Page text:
API

Event: 1788

Key Event Title

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Status epilepticus

Short name

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Status epilepticus

Biological Context

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Level of Biological Organization
Individual



Key Event Components

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Process Object Action
secondary generalized seizure brain occurrence

Key Event Overview


AOPs Including This Key Event

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AOP Name Role of event in AOP
AChE Inhibition Leading to Neurodegeneration KeyEvent

Stressors

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Taxonomic Applicability

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Term Scientific Term Evidence Link
rat Rattus norvegicus Moderate NCBI
guinea pig Cavia porcellus Moderate NCBI

Life Stages

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Life stage Evidence
Adult Moderate

Sex Applicability

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Term Evidence
Unspecific Moderate

Key Event Description

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Focal seizures occur when a small group of neurons start synchronized neural signaling (See KE Occurrence, Focal Seizure). Once started, focal seizures can spread to the entire brain through various axonal pathways. GABA-ergic interneurons help inhibit seizure spread from the seizure focus forming an inhibitory region. If the activity in the focus is intense enough that inhibitory region breaks down and the seizure spreads (Kandel et al., 2013). Once the epileptiform activity has expanded to other areas in the brain, i.e., once both hemispheres of the brain are involved for approximately 5 minutes, the focal seizure has been secondarily generalized (status epilepticus) (Lowenstein and Alldredge, 1998).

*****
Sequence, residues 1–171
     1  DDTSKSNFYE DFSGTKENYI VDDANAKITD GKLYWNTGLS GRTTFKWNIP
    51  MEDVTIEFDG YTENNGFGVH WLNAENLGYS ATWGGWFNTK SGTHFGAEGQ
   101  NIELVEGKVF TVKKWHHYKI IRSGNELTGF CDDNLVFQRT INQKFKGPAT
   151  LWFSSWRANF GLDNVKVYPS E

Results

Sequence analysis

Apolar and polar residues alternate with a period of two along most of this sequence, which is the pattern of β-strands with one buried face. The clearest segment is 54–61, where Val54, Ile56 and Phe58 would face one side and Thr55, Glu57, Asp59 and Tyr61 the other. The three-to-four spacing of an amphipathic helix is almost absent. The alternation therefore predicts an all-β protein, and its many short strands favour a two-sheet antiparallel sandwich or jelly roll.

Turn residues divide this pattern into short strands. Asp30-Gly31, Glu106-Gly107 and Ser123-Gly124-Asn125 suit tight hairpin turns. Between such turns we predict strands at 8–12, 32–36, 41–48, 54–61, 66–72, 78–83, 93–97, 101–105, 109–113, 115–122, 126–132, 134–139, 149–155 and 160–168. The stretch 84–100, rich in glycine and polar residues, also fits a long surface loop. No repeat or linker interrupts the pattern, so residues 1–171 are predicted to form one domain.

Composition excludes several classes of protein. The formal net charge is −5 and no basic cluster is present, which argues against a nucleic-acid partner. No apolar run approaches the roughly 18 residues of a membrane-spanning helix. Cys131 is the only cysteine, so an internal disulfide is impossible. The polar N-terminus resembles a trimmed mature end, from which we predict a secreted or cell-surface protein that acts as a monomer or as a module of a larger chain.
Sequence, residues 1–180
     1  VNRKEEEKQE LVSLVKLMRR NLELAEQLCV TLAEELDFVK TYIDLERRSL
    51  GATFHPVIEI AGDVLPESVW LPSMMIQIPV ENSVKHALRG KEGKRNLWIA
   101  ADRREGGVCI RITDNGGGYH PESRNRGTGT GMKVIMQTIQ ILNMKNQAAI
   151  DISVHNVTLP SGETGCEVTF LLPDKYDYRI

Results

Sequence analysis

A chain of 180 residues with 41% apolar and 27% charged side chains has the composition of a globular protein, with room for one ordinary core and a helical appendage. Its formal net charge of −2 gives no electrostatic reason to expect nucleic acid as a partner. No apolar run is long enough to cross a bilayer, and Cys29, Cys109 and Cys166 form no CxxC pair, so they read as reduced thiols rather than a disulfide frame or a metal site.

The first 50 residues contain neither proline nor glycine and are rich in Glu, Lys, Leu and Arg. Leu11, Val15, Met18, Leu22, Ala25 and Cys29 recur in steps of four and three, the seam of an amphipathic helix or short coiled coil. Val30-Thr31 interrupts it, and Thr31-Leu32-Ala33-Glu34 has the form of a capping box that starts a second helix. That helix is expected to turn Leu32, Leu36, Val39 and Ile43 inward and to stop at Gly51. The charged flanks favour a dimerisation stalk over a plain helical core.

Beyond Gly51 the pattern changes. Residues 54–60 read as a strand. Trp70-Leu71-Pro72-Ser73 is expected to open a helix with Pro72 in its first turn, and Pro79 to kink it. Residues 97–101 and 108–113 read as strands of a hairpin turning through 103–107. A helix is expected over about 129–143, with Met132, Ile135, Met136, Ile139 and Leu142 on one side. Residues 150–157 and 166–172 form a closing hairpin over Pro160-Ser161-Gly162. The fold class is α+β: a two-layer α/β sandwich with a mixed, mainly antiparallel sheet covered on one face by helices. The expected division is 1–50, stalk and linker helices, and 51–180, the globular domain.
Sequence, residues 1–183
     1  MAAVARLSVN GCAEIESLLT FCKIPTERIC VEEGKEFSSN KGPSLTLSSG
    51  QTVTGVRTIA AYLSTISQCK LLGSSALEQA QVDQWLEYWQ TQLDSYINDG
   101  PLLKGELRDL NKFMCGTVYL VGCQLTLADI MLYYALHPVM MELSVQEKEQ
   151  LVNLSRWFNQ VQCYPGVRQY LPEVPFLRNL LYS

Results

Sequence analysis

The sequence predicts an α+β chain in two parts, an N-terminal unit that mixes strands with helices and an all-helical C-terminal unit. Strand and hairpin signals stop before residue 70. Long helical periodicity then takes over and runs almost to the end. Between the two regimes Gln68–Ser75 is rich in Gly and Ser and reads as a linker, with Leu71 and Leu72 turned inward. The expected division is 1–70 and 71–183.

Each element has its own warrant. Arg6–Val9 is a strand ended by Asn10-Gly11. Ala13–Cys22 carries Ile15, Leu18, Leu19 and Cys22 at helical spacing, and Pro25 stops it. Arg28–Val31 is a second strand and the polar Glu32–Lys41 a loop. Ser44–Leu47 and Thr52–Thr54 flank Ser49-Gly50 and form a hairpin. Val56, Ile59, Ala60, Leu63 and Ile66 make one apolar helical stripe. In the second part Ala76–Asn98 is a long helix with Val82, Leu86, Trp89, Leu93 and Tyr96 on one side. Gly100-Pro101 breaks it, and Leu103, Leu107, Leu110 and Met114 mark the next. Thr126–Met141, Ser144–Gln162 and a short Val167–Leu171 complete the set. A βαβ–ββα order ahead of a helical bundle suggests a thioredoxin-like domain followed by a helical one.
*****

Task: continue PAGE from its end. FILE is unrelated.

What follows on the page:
Acetylcholinesterase inhibition induced seizure

In the case of acetylcholinesterase inhibition, status epilepticus has been seen to be regulated through NMDAR activation and increasing intracellular Ca2+, which is distinct from the initial focal seizure through mAChRs (Acon-Chen et al., 2016).  Anticholinergic drugs (atropine, 2-PAM…) are ineffective if administrated after seizure generalization, whereas NMDAR antagonists (memantine, MK-801…) can still be effective 35 minutes after exposure (Lallement et al., 1999; McDonough and Shih, 1997). 


How It Is Measured or Detected

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See KE Occurrence, Focal Seizure.


Domain of Applicability

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See KE Occurrence, Focal Seizure.


References

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Acon-Chen, C., J. A. Koenig, G. R. Smith, A. R. Truitt, T. P. Thomas and T. M. Shih (2016), "Evaluation of acetylcholine, seizure activity and neuropathology following high-dose nerve agent exposure and delayed neuroprotective treatment drugs in freely moving rats”, Toxicology Mechanisms and Methods 26(5): 378-388. DOI: 10.1080/15376516.2016.1197992.

Kandel, E., J. Schwartz, T. Jessell, S. Siegelbaum and A. J. Hudspeth (2013), “Seizures and Epilepsy”, in Principles of Neural Science, Fifth Edition, Blacklick, United States, McGraw-Hill Publishing1116-1139.

Lallement, G., D. Clarencon, M. Galonnier, D. Baubichon, M. F. Burckhart and M. Peoc'h (1999), "Acute soman poisoning in primates neither pretreated nor receiving immediate therapy: value of gacyclidine (GK-11) in delayed medical support”, Arch Toxicol 73(2): 115-122. DOI: 10.1007/s002040050595.

Lowenstein, D. H. and B. K. Alldredge (1998), "Status Epilepticus”, New England Journal of Medicine 338(14): 970-976. DOI: 10.1056/nejm199804023381407.

McDonough, J. H., Jr. and T. M. Shih (1997), "Neuropharmacological mechanisms of nerve agent-induced seizure and neuropathology”, Neurosci Biobehav Rev 21(5): 559-579.